TI 8 Disk Clone to USB drive.

Discussion in 'Acronis True Image Product Line' started by jdw, Sep 27, 2004.

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  1. jdw

    jdw Guest

    Can someone please advise if what I want to do is possible?

    I have a 120gb USB drive that I use for backups of my 120gb internal EIDE drive. Both are identical WD drives but the USB drive is installed in an ULTRA case and sits on my desktop.

    Both have 3 identically-sized partitions (C:, F:, G: and H:, I:, and J: ), the last of which (G: and J: ) are used only for backups.

    What I want to do is to be able to clone the first two partitions (Boot/system and Applications) of the EIDE drive to the first two partitions of the USB drive. My rational here is that if my EIDE drive fails (hardware failure), I can remove the USB drive from it's case and install it in my system (since my BIOS does not seem to support booting from the USB drive) and be right back in business without having to restore anything.

    The problem I have is that TI 8 Disk Clone would seem to allow me to do this while preserving the data on my source drive but as soon as it clones the boot (C: ) partition, it wants to boot from the cloned (H: ) partition before continuing. Since my system won't boot from the USB drive...

    Any advice or guidance would be appreciated.
  2. DanF

    DanF Registered Member

    Sep 29, 2004
    I believe this is an unsupported feature (or an assumed feature) - the best way to handle this is to put the 120 into your system then follow the same proceedure and then remove the drive and put into the USB cage. There may be a better way to handle the task you are looking to perform - it may take more time to restore but it will work better for you, - Remove the existing partitions on the USB drive that are not needed and leave the partition that you are using for backup. Now if you should have a failure of your primary drive you may put the USB 120 directly into the system and boot to a recovery CD (Acronis boot CD). Now when you restore the system all you need to do is restore the partitions that will fit on the remaining free space (primarily your boot partition). This way you at least have a workable system - and if you should need to get at some of your data that is not restored all you have to do is mount the image and retrieve what you need. This will allow you to get opperational after a failure, until you get repair parts to put you back into production.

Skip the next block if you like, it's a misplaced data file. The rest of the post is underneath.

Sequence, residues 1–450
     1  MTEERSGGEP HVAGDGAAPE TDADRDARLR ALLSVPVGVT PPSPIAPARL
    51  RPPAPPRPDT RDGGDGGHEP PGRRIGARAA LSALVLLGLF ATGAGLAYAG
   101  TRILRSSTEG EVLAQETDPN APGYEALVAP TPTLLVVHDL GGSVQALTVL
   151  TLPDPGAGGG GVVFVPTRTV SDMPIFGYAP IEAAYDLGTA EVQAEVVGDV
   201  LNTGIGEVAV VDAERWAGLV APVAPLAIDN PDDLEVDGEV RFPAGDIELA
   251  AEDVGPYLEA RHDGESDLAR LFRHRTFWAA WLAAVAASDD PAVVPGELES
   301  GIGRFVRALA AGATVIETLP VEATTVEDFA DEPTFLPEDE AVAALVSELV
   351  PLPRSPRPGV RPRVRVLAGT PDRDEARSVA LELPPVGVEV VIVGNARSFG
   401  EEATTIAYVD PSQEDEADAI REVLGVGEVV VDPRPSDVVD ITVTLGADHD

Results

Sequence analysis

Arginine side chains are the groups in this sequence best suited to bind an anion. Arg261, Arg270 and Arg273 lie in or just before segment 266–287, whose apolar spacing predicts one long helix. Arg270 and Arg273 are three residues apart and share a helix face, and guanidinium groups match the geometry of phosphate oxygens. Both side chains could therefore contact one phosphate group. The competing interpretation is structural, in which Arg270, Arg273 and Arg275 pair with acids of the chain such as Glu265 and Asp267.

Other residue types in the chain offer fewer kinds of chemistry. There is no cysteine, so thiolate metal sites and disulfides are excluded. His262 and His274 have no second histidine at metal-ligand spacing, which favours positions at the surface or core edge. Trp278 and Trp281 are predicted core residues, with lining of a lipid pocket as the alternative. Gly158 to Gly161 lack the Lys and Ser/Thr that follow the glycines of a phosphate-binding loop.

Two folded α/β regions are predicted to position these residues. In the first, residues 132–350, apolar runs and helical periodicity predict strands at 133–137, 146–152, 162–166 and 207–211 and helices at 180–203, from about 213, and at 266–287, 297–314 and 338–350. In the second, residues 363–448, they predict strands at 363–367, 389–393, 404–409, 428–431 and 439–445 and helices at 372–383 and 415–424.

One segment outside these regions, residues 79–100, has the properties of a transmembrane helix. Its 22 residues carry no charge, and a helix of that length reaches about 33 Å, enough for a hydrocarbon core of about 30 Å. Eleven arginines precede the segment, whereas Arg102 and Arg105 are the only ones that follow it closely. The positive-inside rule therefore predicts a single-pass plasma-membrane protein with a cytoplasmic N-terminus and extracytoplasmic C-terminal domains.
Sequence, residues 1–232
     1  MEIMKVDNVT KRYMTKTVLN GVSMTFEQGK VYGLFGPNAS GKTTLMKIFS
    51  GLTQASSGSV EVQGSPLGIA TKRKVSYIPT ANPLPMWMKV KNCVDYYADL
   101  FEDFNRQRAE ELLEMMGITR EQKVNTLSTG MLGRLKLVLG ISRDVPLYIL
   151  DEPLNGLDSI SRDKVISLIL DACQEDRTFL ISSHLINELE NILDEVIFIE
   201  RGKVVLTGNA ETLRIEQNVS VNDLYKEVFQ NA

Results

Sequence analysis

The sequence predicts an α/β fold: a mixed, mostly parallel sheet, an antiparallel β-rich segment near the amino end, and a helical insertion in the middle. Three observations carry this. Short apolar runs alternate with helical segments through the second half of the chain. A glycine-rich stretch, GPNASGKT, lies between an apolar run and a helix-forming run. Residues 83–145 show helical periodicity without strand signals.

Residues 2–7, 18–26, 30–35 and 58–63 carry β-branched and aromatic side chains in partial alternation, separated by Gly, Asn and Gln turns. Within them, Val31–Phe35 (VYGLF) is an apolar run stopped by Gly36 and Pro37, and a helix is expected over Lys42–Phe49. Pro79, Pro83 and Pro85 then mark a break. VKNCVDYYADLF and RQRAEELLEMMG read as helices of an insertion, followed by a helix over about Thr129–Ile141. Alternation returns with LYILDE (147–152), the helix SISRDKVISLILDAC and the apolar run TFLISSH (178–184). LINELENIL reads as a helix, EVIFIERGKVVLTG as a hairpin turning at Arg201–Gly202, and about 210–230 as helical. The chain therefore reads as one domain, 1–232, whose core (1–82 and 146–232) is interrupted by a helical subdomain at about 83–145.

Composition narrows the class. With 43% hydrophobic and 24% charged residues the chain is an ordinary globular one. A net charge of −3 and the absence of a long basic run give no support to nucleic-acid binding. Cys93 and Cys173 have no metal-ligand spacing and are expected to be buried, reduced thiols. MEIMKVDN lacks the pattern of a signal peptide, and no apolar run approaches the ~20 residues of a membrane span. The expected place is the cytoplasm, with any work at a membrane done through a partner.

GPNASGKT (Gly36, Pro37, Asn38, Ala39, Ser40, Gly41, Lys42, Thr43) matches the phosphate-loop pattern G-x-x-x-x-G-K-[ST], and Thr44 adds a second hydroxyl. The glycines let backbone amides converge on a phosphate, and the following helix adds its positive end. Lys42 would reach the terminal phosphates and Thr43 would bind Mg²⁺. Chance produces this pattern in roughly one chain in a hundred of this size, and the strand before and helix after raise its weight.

3. jdw

    jdw Guest

    Well, I figured out how to do it myself! :)

    Since I do my regular backups to the USB drive, all I had to do was RESTORE the backup image of my main drive (partitions C: and F:) to the equivalent partions (H: and I:) of the USB drive.

    TI lets you select the target partition for the restore but unlike CLONE, there are no reboots required. It even lets me mark the backup boot partition (H:) as Active since one Active partition is permitted for each physical drive.

    Now my USB drive is an exact copy of my main drive and could be installed as my main IDE drive if a catastrophe occured. This would not likely be my 1st course of action on a crash but it's comforting to know that if all else fails, I can just pop in my other drive and be back to where I was!
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